Kathy watched the squirrel amble down the fence toward her birdfeeder.  "Pesky varmints," she muttered.  Bob had built that feeder with his own hands, damnit, and she worked hard for the money to buy that seed!  The squirrel stopped and looked right at her, sassing her.  Dissing her, as the grandkids would say.  Enough!  She stood, and went to get her shotgun.

Voice, which most editors and agents will tell you is the first thing they look for in a story, springs from writing so close to your POV character that the story--even in 3rd person--comes through in the character's voice instead of yours.

*Show don't tell.  This is one of the most essential differences between close and distant 3rd person.  Look at all the bits of the second paragraph that reveal Kathy's bone deep anger--an anger that could believably result in squirrelicide.

The squirrel ambled down the fence toward the birdfeeder, as if the disgusting creature had every right to be there.  Kathy felt as if her head were going to explode.  Calm.  Deep breath.  "Stupid squirrels."  Her voice was level, almost amused.  Her anger management coach would have been proud of her.  Then the squirrel stopped and looked right at her, rodent defiance in its beady eyes.  Prickles of rage swept over Kathy's skin and down her forearms.  Screw anger management.  She stood, and went for the broom.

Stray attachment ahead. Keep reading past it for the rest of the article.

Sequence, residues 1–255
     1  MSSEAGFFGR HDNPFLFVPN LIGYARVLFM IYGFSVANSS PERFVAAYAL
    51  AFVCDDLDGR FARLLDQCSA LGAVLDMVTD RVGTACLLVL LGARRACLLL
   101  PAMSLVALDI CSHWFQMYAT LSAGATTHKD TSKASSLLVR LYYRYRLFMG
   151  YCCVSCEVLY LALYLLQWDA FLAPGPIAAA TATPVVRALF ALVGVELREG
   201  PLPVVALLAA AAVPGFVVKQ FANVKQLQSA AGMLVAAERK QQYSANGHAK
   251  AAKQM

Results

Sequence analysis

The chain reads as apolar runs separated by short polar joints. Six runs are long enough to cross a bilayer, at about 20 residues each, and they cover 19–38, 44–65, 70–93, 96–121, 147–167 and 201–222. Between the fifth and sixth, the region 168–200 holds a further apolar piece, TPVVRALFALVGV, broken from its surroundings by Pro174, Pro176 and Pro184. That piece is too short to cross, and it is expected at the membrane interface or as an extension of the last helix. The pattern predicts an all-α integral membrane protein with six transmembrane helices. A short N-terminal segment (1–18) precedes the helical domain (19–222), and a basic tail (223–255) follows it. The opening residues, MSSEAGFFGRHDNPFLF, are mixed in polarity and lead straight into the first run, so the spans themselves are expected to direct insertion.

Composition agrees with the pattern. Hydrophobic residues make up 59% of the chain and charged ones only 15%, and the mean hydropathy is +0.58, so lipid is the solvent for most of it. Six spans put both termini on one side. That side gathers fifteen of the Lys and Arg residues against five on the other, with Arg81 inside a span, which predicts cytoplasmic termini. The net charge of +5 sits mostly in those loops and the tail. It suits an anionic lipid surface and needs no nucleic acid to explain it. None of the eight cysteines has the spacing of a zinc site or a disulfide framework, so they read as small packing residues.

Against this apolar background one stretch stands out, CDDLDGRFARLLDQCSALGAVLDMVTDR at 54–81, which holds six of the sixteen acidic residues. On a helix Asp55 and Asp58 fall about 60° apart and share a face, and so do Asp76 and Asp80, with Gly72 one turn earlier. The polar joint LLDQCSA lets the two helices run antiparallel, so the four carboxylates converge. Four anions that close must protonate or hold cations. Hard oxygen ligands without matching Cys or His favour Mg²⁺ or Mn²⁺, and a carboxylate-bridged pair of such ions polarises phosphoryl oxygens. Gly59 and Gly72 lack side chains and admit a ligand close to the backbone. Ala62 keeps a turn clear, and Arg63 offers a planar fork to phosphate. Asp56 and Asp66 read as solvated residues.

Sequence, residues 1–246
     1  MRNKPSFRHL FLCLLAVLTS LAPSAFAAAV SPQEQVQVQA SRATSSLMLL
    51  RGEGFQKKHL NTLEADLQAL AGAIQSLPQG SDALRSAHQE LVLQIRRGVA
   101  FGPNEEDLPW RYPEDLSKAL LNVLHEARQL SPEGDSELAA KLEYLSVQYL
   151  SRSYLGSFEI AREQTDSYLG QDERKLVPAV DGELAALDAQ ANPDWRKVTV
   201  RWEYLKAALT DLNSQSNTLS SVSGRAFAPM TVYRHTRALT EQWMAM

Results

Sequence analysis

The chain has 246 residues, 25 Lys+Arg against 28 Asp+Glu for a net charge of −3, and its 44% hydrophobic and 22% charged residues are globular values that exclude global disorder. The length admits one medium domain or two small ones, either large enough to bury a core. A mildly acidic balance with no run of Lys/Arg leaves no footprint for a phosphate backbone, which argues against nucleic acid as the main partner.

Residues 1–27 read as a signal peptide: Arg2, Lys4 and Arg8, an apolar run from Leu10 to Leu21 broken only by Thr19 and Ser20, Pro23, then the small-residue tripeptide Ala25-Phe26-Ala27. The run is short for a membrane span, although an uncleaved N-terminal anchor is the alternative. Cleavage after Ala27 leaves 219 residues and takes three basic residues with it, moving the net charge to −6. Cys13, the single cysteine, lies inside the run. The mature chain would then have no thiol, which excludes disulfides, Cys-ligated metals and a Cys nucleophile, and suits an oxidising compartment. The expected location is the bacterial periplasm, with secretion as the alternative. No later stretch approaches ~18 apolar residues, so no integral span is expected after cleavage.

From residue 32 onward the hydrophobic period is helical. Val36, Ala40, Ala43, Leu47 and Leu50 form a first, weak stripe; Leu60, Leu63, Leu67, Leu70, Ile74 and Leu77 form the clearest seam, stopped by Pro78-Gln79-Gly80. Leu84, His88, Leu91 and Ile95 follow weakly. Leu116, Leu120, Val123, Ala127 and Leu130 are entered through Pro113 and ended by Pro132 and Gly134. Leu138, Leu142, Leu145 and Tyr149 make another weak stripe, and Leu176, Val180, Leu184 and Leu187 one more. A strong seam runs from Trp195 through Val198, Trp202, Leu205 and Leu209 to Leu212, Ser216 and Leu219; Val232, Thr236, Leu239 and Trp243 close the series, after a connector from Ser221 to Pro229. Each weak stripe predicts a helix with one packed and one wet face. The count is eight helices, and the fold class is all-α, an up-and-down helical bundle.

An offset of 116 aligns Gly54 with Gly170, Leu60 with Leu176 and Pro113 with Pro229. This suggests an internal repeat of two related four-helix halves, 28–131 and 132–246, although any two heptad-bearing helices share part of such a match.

Compared to:

Kathy watched the squirrel amble down the fence toward the bird feeder.  "Stupid squirrels," she muttered.  The squirrel stopped and looked right at her, defiantly.  She stood, and went to get her broom to chase it away.

I have to admit, when I first hit this part of the tip I was tempted to go back and modify the distant paragraph by adding, Kathy was furious.  I didn't, because it would be cheating--my intention was to write distant 3rd person, not to write distant 3rd person badly.  And if you're writing for any age over picture book or beginning reader, almost any flat statement that a character feels some basic emotion is bad writing.  (There are exceptions, but not many.)  However, rereading that original distant paragraph, note that I had to tell readers that Kathy was going for a broom to chase the squirrel away?  In the second paragraph, I don't think there's any doubt in the reader's mind why she's going for that broom.

And notice also how much tension is generated by being able to see and feel Kathy's internal landscape.  In the distant paragraph I don't feel much suspense as she goes for the broom.  In the close one, given how she's feeling and what we now know about her anger issues, it's pretty clear that something bad is about to happen--without my having to resort to clumsy foreshadowing like, Little did Kathy know that when she picked up the broom, she put in motion a train of events...

When you come right down to it, close 3rd person is better writing than distant, on almost every level.  Because if you can write the story from inside your POV character's mind and heart, your readers' minds and hearts will be engaged as well.